Is Singapore A First World Country?

Singapore is first in Asia in so many ramifications. The level of development in that small city state has left many in a state of disbelief. Singapore is a small group of islands in the South China Sea; it seems equidistant between mainland Asia and Australia. Singapore has a population of 5.6 million, and a total land area of 733.1 km2. Singapore is one of the most densely populated places in the world.

That is just one of the superlatives about this place; this is a highly developed society with very many high net worth individuals. Singapore also has a very developed real estate market; it has a home ownership rate of 80%, and an unemployment rate of 1.90%. Singapore is one of the richest places in the world, and a country where citizens enjoy a very high quality of life.

Is Singapore A First World Country?

Yes, Singapore is a first world country. But there are two possible meanings of the term “First World,” and so it depends on the context, or the meaning with which the question was asked.

The Political Meaning

The term “First World” was invented during the cold war. At that time it was used to describe countries that supported the US and its allies as they fought against the Soviet Union.

This meant countries that accepted capitalism, and that tended to lean towards democracy. This also meant countries that gave their citizens a measure of freedom.

On the other side of the war, there were countries that supported the Soviet Union; and they were called Second World countries. These were countries of the Communist Bloc; they didn’t give much freedom to their citizens, and they didn’t have a media.

The “First World” of that time was a purely political statement.

The New Meaning

After the Cold War ended, the term “First World” came to have a completely different meaning. It came to mean countries with enough money and comfort. There are many different ways of saying this, but in the end it’s all about wealth.

Depending on where you read about this; First World countries could mean “industrialized countries”, or countries with stable economies, or countries with stable democracies and social structures. Usually other factors considered may include the carbon footprint, GDP Per Capita, unemployment rate, and press freedom.

There is still a bit of politics in this definition; countries become rich by attracting investors to build factories and other industries in their countries, thus building the economy, and proving jobs. The problem is that investors generally choose countries with stable democracies. They want countries that are not likely going to be up in arms, looting and burning property.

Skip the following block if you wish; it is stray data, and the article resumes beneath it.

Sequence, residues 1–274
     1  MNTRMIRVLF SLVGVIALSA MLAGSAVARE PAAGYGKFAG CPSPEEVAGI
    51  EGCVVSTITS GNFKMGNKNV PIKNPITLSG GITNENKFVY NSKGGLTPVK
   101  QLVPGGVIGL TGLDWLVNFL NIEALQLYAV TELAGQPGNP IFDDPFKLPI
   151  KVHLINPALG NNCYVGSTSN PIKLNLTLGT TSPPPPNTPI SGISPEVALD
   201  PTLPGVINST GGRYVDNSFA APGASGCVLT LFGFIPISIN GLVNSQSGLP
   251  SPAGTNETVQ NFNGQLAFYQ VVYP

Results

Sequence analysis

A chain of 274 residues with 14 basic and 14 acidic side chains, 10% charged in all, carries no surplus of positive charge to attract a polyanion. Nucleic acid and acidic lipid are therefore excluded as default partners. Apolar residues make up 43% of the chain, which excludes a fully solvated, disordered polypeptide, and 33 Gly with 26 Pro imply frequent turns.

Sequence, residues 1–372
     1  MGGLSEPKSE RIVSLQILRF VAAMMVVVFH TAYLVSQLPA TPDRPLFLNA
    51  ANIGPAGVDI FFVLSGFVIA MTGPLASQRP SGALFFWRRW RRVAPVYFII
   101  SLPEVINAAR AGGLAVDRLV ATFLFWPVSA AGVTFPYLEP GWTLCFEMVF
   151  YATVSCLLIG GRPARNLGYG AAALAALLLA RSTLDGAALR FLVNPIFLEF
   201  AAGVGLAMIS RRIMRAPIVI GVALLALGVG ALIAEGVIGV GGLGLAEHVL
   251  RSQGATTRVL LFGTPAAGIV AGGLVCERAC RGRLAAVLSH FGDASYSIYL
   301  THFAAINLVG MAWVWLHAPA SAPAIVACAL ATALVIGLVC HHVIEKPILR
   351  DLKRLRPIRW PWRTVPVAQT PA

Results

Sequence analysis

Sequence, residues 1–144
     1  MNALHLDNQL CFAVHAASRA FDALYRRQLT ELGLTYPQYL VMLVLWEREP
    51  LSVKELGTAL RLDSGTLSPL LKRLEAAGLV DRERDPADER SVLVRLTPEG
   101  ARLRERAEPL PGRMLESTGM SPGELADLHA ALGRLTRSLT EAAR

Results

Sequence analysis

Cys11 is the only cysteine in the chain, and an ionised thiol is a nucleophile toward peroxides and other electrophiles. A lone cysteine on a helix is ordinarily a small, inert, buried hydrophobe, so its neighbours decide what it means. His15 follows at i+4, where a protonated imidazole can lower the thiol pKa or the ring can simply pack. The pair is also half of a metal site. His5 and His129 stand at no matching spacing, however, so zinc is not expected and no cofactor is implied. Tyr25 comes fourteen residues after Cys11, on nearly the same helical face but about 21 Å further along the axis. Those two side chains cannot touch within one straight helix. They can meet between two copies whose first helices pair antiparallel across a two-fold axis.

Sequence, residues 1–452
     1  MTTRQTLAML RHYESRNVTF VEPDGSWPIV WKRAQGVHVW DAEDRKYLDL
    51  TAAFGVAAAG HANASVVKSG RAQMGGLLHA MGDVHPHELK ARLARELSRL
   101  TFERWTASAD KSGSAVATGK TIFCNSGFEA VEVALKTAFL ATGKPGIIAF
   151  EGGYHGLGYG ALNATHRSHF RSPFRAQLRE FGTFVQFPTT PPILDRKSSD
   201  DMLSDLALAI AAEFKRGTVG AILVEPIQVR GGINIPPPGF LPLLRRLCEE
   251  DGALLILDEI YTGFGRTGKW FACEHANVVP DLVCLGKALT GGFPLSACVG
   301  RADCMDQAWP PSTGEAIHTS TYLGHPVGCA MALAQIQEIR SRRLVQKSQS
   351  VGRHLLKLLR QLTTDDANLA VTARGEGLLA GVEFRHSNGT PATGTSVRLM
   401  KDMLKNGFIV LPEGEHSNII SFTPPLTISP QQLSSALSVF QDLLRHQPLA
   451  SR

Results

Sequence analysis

Those countries tend to create a lot of wealth, and the citizens tend to live in comfort. Those are the countries assigned “First World” status.

Following behind are “Second World” countries. These are countries that have stable but less developed economies; those are countries who have already attracted investors, and whose economies are classified as “Developing Economies.”

After those you have “Third World” countries which are mostly countries in the Sub-Saharan region of Africa. Unfortunately they often have social problems and end up in war. Therefore their economies are least developed, and the people enjoy minimal freedom.

So How Does Singapore Fare?

By the old definition (the political one) Singapore was not a “First World” country, it did not support either side during the cold war. Rather, Singapore followed a policy of strategic non alignment; which means it sat on the fence and looked on from a distance.

However, Singapore prospered during that time; war is business after all, and those who know how to do business during war usually end up the richest.

By the new definition however, Singapore is a First World country by any and every possible metric.

Singapore Has An Excellent Economy

Singapore’s economy is described as a highly developed market economy. Singapore attracts a lot of foreign investments, and has a highly skilled work force. Singapore is one of the countries with the highest GDP Per Capita in the world – its figure of $72,794 is almost twice the GDP Per Capita of Japan.

Singapore has rich citizens; aside from the 298,650 millionaires in the country, about 80% of the population own their homes.

Stable Government

Singapore is a very stable society; it has a prime minister, and a parliament. The country also has a president who has executive powers which he wields on the advice of Cabinet. The Constitution of the republic is the supreme law, and the rule of law is sacrosanct.

Singapore does not tolerate corruption, and the press is free. All these combine to make the country a great place to live because there is no fear of too much power falling into the hands of any one person.

Free Speech

Freedom of speech is an important component of the Singaporean society; it is guaranteed by law. The speaker’s corner is a symbolic creation in the Hong Lim Park; it provides a public demonstration, and free speech area where debates can be held, and people may air their views on controversial issues.

Human Rights

Singapore has a high regard for human rights; the people are granted all the protections from all forms of abuse including human trafficking, sexual slavery and so on. Very strong punishments are meted out to those who infringe upon the rights of others; even the capital punishment is legal and enforced in Singapore; although it is reserved to extremely heinous crimes.



Singapore is a first world country; it is rich, advanced, and well governed. Singapore has had a proper view of international politics; it has never allowed sentiments to get in the way of advancement or the prosperity it seeks for its citizens. Even now, Singapore maintains diplomatic relations with both the US and North Korea; it is one of the very few countries to do so.